The popularity of Chromebooks has been steadily climbing, primarily due to their affordable pricing, comprehensive app ecosystem, and user-friendly, Linux-driven Chrome OS. These features make using a computer significantly easier than using their Windows and Mac counterparts—not to mention, they’re free! Some users may wish to install a full Linux OS, such as Ubuntu. In this article, we’re going to guide you on how to install Ubuntu on your Chromebook with the help of Crouton (Chromium OS Universal Chroot Environment). This easy-to-use chroot generator currently supports both Ubuntu and Debian. Once we’re done, you’ll be able to switch between your two operating systems without even having to restart your Chromebook!
What you’ll need:
-A USB drive (at least 4GB).
We’ll start by backing up your data. Since most of your data is synced to your Google account, you’ll only need to make a backup of your ‘Download‘ folder. Once you’re done, it’s probably best to make a backup of your ChromeOS on your USB. This is just a security measure in case something goes wrong during the installation. Go to the Chrome Web Store and install the Chromebook recovery utility. After it installs, enter the model number of your Chromebook, insert the USB drive, and follow the instructions.
Once it’s done, unplug your USB. To download a different OS, you will need to put your Chromebook into developer mode. There are two methods to do this. If you are using an older Chromebook, there should be a physical button to enable developer mode. Search for the location of that button for your model and press it. If you are using a newer Chromebook, you will need to press a combination of keys. Press the Esc + Refresh keys, then push the power button. This will lead you to a recovery screen. Allow it to erase your data. This process can take up to 15 minutes, but there’s no need to worry; just let it reboot. Keep in mind that you will see this screen every time you boot up until you disable developer mode. However, your data will not be erased each time. You can press Ctrl + D to reboot quickly into Chrome OS.”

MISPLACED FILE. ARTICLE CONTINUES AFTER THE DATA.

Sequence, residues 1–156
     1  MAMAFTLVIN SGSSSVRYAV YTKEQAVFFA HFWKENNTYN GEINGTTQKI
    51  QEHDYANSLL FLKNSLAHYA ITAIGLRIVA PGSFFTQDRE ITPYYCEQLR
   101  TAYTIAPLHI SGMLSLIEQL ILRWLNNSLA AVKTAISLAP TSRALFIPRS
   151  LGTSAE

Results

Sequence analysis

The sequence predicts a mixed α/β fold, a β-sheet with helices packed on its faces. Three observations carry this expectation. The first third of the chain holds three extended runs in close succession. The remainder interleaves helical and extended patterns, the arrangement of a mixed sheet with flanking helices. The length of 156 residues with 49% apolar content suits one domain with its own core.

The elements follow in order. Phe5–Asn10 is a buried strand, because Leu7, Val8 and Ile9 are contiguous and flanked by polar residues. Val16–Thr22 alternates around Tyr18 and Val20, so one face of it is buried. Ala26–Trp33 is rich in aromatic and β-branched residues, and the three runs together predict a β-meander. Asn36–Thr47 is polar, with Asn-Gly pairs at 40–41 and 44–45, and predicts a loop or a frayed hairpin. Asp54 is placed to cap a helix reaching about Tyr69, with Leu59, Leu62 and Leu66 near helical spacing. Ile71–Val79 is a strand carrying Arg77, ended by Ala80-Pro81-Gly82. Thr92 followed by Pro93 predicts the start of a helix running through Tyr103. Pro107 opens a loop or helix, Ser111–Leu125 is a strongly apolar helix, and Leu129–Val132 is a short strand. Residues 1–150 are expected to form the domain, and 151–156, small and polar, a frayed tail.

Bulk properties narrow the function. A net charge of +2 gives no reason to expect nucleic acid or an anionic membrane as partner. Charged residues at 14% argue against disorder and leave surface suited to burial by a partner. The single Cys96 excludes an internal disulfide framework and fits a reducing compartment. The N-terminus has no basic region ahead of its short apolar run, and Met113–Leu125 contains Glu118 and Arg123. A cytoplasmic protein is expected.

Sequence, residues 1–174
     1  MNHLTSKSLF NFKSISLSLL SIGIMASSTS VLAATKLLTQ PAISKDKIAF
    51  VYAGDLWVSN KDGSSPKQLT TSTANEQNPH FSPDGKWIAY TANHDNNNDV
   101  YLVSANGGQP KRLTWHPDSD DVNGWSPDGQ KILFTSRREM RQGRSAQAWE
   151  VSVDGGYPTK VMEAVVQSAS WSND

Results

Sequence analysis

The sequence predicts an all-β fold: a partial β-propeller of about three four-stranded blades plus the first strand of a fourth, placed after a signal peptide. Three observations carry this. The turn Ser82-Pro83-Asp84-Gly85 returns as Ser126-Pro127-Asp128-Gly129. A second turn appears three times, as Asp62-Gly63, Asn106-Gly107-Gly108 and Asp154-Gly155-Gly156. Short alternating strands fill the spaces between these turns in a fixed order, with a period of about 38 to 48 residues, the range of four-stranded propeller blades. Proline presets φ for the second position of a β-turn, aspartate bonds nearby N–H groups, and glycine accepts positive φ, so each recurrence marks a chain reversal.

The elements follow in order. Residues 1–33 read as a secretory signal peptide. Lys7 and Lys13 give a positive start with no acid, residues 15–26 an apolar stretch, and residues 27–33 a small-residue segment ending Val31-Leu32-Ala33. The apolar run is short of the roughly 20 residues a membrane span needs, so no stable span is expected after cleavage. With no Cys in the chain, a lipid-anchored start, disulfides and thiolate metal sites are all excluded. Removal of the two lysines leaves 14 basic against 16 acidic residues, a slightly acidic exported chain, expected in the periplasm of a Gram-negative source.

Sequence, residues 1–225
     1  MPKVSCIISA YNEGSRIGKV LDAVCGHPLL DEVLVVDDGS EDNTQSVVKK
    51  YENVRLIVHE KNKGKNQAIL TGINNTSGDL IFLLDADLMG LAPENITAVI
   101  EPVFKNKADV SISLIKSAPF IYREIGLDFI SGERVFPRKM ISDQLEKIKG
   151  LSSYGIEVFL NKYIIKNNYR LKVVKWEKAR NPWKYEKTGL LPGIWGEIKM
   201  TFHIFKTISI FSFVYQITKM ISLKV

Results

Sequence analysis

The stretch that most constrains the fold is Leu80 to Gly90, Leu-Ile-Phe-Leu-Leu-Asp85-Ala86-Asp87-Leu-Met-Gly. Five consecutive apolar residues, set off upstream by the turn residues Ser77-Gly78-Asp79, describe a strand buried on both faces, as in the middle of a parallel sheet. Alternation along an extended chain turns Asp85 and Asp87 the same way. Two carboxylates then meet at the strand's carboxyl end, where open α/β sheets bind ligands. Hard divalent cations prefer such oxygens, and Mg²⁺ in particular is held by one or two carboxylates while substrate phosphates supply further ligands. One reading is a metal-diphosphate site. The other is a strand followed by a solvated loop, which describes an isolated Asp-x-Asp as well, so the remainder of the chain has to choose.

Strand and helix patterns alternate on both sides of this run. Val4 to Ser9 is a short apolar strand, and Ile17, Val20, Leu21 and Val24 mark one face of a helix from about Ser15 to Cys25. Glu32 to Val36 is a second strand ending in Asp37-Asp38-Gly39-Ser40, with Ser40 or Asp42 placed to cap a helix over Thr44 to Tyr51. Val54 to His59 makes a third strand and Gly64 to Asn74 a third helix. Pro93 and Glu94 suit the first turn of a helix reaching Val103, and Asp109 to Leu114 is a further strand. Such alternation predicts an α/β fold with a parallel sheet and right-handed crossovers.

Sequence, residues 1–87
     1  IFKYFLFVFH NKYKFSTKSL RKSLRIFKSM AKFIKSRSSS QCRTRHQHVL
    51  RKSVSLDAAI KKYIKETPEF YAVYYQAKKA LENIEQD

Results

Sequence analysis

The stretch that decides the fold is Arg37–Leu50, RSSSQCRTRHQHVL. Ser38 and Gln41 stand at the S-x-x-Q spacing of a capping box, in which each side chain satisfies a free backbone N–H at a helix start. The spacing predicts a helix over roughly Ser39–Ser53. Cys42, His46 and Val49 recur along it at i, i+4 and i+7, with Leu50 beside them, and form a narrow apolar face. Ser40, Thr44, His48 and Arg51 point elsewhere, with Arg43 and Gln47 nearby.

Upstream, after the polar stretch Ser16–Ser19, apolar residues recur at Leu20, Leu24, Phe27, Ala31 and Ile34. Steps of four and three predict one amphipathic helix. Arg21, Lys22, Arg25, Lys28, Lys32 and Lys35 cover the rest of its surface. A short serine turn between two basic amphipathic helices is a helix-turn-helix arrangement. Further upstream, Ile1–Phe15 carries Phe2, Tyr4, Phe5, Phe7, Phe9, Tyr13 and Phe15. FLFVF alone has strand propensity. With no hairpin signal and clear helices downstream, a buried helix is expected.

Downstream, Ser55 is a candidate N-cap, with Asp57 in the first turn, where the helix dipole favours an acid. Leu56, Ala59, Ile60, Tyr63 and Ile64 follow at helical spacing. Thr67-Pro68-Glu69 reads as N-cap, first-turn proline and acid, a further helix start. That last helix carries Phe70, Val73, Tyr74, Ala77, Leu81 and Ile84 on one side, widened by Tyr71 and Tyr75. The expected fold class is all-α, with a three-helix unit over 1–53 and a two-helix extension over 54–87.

After you chromebook reboots, open your chromebook and go to this link , this will download Crouton to your chromebook, next open the terminal by hitting Alt+Ctrl+t , and type “shell” and press enter, now to install ubuntu you will need to type this into your shell
This will download Ubuntu for you. The duration might vary depending on your broadband speed and could take anywhere from a few minutes to a while. Once the installation finishes, Crouton will prompt you to enter your username and password. These will be used to perform administrative tasks. Now, you can run Plasma by typing in your command shell: sudo startkde.
This Ubuntu installation is a minimal one and won’t come with many applications. However, you can easily install any application, such as Chrome browser or VLC, using your command line. If you’re unsure of how to do this, you can search on Google for the command line script of your desired program. For example, this is how you would do it for Chrome.
You can now switch between Chrome OS and your Ubuntu installation. Use Alt+Ctrl+Shift+Back to go to Chrome OS, and the same combination but with ‘Front‘ instead of ‘Back‘ to return to Ubuntu from Chrome. When you log out of KDE, you can start another session by typing ‘sudo startkde’ into your command prompt.
If you’ve decided that Ubuntu isn’t your style and you want to revert to your verified ChromeOS, then press your space bar while booting. On older Chromebooks, you’ll need to flip back the physical switch, and Chrome OS will restore to the verified state. You can use your USB backup anytime if anything goes wrong.